We just left the Woodard Lane Cohousing Community to come to Italy. As we moved in, others who’d moved out told us their take on who’s attracted to Cohousing communities: First, there are the extroverts, the folks who would love to live communally under all kinds of circumstances. Perhaps these are the folks that thrive in communes, hostels, barracks, etc. They might happily live under a ping pong table so long as someone else was involved. Secondly, there are the introverts, the folks who love community under certain conditions. Perhaps these are the folks who enjoy their private space but also enjoy a structured environment to discuss the merits of turf (at length) with people they’re not related to. Who does that leave? Extroverted golfers?
As an unapologetic member of the first category, I particularly enjoyed the dinners our cook teams prepared each week, not just to eat but also to throw my weight around a bit. Known fact: bantering about religion, politics, or community gossip helps prep vegetables efficiently. Subjective Observation: Heated discussions about the role of colonialism and the rise of Wahhabism (Jim: look it up!) occasionally yields mixed culinary results but certainly keeps things lively!
With everything cooked and ready to eat, we gathered in a circle and shared some kind of blessing, reflection, poem or hokey pokey before digging in. Upon arriving at WLCH, my sociological analysis is that members of the second camp had unduly influenced a version of a popular grace I remember growing up. It went:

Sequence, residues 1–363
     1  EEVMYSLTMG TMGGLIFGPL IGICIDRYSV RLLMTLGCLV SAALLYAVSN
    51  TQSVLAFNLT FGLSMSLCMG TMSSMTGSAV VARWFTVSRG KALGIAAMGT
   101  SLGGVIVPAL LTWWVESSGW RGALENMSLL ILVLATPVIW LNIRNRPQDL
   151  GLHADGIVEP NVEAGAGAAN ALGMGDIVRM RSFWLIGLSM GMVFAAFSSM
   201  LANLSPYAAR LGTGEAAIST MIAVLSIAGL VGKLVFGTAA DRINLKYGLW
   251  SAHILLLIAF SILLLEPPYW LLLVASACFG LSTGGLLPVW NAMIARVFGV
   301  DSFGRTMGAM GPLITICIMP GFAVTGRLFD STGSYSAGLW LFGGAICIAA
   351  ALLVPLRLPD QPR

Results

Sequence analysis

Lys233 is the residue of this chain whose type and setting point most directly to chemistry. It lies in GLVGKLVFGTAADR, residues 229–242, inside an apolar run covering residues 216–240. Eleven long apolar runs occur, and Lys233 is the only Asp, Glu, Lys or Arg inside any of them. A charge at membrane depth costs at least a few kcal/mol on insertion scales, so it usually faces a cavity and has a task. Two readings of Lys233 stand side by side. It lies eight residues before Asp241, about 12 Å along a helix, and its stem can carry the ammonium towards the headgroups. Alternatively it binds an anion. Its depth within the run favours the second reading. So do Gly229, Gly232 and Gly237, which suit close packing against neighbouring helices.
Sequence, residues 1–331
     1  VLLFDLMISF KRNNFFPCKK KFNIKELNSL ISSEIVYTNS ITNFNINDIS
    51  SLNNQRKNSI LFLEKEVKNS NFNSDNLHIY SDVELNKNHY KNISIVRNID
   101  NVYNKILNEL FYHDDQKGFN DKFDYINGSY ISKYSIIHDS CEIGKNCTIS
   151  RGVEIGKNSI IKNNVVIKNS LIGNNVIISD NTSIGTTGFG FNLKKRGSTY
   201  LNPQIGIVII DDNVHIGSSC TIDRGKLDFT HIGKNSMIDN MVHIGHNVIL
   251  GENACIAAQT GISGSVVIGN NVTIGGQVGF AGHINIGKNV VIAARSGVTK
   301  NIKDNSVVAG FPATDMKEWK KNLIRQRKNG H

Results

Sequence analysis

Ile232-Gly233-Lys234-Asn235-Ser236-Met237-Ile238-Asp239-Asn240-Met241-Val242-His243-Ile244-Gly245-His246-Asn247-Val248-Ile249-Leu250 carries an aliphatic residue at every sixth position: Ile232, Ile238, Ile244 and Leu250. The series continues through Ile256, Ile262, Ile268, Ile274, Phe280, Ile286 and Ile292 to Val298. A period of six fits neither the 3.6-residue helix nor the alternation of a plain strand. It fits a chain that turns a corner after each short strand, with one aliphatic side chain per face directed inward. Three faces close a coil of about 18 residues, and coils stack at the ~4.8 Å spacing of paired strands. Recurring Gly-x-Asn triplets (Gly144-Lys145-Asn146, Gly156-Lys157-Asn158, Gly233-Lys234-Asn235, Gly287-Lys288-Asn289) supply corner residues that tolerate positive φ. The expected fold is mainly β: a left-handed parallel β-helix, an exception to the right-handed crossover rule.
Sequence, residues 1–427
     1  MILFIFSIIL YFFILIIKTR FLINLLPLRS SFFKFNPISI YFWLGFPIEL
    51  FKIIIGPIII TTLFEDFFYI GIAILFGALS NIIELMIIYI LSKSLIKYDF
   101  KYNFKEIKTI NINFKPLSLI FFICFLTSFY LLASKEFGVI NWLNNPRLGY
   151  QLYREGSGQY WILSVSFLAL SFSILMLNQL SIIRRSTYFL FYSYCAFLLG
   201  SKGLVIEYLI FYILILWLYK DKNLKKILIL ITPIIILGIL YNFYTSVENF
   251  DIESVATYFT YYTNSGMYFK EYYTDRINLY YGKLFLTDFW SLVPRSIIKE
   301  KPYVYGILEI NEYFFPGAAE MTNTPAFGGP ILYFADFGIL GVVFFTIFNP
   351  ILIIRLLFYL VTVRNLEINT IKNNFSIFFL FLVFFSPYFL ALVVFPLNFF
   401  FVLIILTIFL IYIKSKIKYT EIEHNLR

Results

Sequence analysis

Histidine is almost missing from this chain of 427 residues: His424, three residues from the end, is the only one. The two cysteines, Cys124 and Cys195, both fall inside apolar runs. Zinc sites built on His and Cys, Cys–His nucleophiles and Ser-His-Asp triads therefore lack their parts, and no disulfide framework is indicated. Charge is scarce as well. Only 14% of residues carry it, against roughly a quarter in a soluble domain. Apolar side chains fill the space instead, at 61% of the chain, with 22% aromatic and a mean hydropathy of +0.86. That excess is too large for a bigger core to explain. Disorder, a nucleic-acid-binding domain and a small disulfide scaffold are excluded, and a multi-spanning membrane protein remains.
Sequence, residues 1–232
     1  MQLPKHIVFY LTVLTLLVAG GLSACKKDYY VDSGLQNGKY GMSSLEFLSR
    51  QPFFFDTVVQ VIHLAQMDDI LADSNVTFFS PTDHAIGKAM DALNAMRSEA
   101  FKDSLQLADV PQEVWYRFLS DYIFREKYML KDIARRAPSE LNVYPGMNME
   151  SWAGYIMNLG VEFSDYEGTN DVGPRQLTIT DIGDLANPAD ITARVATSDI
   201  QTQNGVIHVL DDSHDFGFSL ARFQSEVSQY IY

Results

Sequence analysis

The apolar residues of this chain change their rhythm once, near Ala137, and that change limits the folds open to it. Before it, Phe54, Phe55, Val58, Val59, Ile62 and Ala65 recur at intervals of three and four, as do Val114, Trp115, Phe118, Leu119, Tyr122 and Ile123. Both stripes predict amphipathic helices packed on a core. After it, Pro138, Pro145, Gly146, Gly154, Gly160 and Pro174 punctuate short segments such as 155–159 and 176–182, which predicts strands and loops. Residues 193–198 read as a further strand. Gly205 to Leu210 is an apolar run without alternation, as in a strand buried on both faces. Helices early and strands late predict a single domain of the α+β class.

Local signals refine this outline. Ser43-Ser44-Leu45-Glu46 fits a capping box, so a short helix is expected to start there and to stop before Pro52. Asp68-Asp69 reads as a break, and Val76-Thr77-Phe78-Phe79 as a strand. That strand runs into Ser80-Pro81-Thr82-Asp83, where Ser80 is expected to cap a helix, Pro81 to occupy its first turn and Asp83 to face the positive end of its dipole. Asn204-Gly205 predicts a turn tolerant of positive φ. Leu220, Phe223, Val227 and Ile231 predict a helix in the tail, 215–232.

Thank you for this food,
This food, this glorious glorious food,
And the animals,
And the vegetables,
And the minerals,(!)
Who made it possible.
MINERALS! It’s PEOPLE! PEOPLE who made it possible. Suddenly grace was reduced to a guessing game! I mean, sure, some folks are pretty into crystals and the like but when did a mineral ever harvest your lettuce?! Or berate you about Wahhabism? In a rather uncouth manner I began to loudly sing my version each time we did that grace and attempt to pull more people into my camp. Most sung it way they’d always done.
If there’s one thing I’ve learned from (watching other people in) community, it’s that you rarely influence people over the long term by force and your best bet is being a good example. Folks set an incredibly kind and loving example for us in cohousing, and we’ll always remember it fondly.
By request, I was asked to record some of the other graces I learned growing up in Waldorf schools and here are 3. I’m sure my versions are slightly more bombastic and overbearing than those you’ll find on Rudolf Steiner’s Greatest Hits, but take them and share them in memory of me.